Two days after welcoming three healthy chicks, Monty and Rose, Chicago’s beloved piping plovers, added a fourth hatchling to their growing family, the newcomer arriving thanks to a little help from the Lincoln Park Zoo.
Wildlife officials had been keeping a close eye on the plovers’ nest at Montrose Dune, where Monty and Rose have been incubating four eggs since mid-June. The first three hatched between Wednesday and Thursday but the fourth did not. At that point, Monty and Rose turned their attention to raising their chicks and halted incubation.
Wildlife officials were able to rescue the egg and it was taken to Lincoln Park Zoo, where the zoo’s brooder kept the egg safe and at the right temperature. The fourth chick hatched Saturday — strong, healthy and vocal, zoo officials said — and after evaluation, it was reintroduced to its family.
Rose immediately ran over and began brooding and caring for the chick, which is visibly smaller than its siblings but already making small forays of its own in search of food, according to Louise Clemency, field supervisor for the Chicago office of the U.S. Fish and Wildlife Service.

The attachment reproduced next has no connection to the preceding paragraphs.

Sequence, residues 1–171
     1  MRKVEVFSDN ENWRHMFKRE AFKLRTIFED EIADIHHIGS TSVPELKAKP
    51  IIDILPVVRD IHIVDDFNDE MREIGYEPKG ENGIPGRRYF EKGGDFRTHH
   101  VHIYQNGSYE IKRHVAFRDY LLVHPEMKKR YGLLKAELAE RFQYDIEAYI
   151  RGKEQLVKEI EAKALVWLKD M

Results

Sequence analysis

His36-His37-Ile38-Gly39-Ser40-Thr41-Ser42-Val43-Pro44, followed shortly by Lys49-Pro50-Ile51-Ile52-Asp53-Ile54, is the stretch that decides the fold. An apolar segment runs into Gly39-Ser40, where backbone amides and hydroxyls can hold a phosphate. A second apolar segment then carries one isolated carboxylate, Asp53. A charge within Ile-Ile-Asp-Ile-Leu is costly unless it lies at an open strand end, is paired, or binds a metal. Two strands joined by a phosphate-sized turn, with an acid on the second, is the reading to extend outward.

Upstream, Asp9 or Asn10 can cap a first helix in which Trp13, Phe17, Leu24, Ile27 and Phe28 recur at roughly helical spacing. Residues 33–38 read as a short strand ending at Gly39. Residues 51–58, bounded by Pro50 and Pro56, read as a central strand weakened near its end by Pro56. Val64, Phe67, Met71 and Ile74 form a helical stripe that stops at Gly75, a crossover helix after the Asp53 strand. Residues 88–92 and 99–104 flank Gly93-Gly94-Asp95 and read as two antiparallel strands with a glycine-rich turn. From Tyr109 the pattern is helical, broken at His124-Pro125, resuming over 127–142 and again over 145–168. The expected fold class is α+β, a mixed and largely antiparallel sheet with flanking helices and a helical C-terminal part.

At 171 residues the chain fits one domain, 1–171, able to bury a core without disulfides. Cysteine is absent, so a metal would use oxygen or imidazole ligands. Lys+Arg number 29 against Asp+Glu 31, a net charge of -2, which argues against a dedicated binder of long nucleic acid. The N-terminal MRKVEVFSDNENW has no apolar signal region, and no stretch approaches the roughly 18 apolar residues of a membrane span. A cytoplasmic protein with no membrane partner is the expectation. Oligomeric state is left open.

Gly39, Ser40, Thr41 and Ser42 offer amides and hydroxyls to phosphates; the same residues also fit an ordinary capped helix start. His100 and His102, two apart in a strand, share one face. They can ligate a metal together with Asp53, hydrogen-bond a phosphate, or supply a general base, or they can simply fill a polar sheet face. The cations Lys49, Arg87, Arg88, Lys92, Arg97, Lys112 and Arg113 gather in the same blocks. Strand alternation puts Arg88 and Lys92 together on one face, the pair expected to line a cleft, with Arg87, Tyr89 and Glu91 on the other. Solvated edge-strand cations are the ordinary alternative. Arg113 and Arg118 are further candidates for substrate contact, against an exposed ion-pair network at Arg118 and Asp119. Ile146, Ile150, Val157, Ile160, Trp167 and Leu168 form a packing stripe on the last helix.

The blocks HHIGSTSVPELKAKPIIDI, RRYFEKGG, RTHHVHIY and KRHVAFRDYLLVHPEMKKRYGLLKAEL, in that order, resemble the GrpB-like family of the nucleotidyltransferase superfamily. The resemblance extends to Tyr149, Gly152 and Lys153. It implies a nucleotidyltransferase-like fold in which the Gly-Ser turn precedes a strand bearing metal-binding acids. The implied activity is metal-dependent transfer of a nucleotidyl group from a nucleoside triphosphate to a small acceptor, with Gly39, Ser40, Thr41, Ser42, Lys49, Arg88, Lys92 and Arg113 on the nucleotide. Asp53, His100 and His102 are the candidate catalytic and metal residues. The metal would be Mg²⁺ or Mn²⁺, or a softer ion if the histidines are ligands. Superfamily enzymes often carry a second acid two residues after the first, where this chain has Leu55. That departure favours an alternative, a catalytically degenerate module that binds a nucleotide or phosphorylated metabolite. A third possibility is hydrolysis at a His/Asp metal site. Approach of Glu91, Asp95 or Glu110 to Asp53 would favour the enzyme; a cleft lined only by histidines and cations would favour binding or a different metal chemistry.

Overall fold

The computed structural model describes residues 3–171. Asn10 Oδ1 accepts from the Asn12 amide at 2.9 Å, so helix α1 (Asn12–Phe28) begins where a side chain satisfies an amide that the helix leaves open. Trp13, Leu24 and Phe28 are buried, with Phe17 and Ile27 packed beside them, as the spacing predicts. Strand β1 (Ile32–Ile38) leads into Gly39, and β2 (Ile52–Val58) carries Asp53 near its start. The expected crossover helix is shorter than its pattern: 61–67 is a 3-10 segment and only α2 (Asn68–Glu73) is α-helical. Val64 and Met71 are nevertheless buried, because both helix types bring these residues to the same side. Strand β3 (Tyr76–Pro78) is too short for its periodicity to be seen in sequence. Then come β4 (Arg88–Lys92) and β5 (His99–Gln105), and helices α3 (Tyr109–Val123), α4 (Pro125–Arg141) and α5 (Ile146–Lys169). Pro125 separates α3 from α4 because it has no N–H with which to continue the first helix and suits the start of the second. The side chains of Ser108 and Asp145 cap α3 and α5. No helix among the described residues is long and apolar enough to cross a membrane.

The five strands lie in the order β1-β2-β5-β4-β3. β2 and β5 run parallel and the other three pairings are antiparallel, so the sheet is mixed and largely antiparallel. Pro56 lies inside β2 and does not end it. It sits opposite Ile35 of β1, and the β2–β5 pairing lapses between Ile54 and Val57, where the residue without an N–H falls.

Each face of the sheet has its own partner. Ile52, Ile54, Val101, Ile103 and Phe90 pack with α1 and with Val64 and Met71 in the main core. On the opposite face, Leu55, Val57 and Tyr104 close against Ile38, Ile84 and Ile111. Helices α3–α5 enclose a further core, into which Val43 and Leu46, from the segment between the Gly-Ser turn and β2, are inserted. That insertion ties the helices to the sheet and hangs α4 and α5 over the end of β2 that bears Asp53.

“We are so grateful to our partners at Lincoln Park Zoo, who are always ready to help us at the last minute and provide their expertise to get as many healthy piping plovers back out into the wild as possible. In this case, their care and their careful release were a huge success,” Clemency said via email.
A similar situation arose in 2019, the first year Monty and Rose nested at Montrose. In that instance, a fourth egg also didn’t hatch, but a rescue attempt was deemed too risky, with the anxious plover parents keeping their other three chicks close to the nest. In 2021, with Monty and Rose straying further away, it was possible to save the fourth egg.
The win is being celebrated by U.S. Fish and Wildlife Service, Illinois Department of Natural Resources, Chicago Park District, Lincoln Park Zoo, Chicago Ornithological Society, Illinois Ornithological Society, Chicago Audubon Society and all of the many dedicated volunteers monitoring the birds around the clock.
“We are honored to play a part in the recovery and conservation efforts of these incredible plovers,” said Sunny Nelson, Hope B. McCormick curator of birds and wildlife policy at the zoo. “We are cautiously optimistic but remain hopeful the chick will thrive alongside its parents.”